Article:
Downsizing Mistakes I Have Made

DownsiingAgainI’m involved in another round of downsizing this month, and as I become aware of some of the things I could have done better along the way, it occurred to me it might be helpful to share with our readers some of the downsizing mistakes I’ve made.

Of course it would be nice to maintain the illusion that a person who is coauthor of  a book about downsizing doesn’t make mistakes. But of course we all make mistakes, and the best thing we can do about that is to learn from them. Therefore, here are a few of the things I’ve done wrong, which I am sharing in the hope that others will benefit from reading about them.

Mistake #1.

It’s the #1 tip in our book, but sometimes it is hard to do: Take. Your. Time.

The reason it’s hard to do this is that often when a move comes up, there are circumstances beyond our control that force us to move more quickly than is ideal for making good decisions.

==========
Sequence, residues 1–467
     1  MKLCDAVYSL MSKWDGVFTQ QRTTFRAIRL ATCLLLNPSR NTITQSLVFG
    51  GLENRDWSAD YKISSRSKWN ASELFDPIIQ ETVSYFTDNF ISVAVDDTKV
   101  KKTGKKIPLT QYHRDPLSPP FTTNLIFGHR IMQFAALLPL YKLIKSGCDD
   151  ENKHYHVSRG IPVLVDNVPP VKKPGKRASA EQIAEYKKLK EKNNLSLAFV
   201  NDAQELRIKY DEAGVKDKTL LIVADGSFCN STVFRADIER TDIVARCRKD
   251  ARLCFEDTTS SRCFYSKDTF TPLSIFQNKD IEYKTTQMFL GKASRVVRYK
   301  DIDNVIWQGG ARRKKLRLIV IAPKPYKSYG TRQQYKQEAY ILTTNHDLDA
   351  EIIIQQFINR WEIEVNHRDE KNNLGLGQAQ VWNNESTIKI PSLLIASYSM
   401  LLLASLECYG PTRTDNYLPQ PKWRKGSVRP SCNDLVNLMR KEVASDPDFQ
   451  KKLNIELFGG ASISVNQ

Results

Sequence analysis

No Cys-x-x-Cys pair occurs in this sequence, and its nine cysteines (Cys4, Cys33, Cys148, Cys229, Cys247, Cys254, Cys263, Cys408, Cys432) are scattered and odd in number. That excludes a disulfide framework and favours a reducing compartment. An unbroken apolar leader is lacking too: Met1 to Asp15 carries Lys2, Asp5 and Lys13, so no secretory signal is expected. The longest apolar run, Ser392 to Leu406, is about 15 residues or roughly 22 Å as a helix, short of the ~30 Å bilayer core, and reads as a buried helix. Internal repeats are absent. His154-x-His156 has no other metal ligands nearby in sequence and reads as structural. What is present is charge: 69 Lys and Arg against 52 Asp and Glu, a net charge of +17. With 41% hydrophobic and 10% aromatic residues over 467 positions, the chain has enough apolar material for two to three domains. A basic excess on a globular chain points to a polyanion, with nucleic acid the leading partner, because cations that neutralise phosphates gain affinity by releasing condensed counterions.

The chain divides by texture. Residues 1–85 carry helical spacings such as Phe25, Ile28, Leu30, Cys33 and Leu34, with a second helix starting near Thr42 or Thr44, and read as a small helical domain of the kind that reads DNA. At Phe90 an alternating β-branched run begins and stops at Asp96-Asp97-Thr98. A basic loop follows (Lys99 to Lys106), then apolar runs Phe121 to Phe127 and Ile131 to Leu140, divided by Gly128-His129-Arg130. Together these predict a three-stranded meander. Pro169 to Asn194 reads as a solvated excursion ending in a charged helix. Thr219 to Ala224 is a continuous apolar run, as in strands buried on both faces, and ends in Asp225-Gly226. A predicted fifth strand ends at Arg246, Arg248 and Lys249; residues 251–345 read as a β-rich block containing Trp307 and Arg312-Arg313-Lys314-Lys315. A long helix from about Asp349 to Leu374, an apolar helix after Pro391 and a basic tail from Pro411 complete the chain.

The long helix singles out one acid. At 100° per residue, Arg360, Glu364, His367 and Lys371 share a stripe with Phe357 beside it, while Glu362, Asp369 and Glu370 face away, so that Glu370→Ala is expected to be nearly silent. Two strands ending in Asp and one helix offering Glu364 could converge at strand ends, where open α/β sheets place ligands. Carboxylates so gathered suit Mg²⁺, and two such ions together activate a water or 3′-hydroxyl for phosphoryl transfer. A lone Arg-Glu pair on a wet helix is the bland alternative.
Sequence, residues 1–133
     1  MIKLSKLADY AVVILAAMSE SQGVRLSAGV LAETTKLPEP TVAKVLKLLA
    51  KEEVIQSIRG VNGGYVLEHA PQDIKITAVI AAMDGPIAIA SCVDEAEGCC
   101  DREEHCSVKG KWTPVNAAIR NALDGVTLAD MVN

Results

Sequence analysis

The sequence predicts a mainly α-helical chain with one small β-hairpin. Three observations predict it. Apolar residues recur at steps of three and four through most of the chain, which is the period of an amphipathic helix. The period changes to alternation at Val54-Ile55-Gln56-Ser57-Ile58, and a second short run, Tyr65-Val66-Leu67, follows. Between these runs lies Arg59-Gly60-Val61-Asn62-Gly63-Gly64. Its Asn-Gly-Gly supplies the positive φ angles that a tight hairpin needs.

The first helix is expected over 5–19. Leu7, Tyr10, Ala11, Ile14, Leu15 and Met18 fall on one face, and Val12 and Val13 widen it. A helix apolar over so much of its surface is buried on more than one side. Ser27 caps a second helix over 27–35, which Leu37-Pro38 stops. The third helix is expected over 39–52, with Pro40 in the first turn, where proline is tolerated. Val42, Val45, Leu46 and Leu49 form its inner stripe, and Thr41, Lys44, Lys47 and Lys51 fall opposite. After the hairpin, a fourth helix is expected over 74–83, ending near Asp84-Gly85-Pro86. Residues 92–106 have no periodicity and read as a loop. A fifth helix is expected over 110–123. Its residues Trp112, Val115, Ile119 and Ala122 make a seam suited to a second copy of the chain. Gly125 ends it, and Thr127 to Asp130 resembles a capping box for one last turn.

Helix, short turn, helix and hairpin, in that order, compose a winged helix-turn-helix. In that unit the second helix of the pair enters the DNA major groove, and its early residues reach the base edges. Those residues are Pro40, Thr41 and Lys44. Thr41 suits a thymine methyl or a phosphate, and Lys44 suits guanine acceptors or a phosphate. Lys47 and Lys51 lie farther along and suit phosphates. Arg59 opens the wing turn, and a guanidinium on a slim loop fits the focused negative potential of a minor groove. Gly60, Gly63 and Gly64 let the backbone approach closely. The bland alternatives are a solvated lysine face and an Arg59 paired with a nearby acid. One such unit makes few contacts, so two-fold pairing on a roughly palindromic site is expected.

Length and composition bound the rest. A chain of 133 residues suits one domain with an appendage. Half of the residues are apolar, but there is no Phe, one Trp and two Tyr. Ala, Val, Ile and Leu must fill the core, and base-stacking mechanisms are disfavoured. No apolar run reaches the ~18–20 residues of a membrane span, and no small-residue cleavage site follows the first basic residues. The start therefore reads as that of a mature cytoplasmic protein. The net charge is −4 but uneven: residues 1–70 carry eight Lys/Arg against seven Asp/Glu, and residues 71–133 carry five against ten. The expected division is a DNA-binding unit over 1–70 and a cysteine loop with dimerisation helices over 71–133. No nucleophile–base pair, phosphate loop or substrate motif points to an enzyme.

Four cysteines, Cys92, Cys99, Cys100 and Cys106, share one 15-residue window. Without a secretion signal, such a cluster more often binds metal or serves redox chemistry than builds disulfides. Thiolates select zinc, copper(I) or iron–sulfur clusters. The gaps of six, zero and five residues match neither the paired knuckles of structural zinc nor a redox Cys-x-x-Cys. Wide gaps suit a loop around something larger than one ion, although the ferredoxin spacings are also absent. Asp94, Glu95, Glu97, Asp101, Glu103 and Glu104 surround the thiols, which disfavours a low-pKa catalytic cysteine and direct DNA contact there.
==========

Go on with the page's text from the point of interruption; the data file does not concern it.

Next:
So it has been in my case. This year, as I approached the task again, I realized, in retrospect, that I moved too quickly in the last round. This has led to my gaining several pieces of wisdom that I suppose should have been obvious: but when one is moving too quickly, the obvious doesn’t always stand out.

  1. Since one of the main goals of downsizing is to reduce volume, it’s best to focus on objects that take up lots of space than on small items that can be easily stored away to deal with when you have more time. This means that, for example, you’re probably going to want to focus on furniture, books, and other objects that take up lots of space, especially if they are going to be in storage (for example, cooking equipment and glassware, china, pottery, etc.: things that have to be wrapped in bubble wrap and so on, rather than on jewelry, ephemera, and other things that can be kept flat, or tucked into small boxes rather than large ones, taking up little space.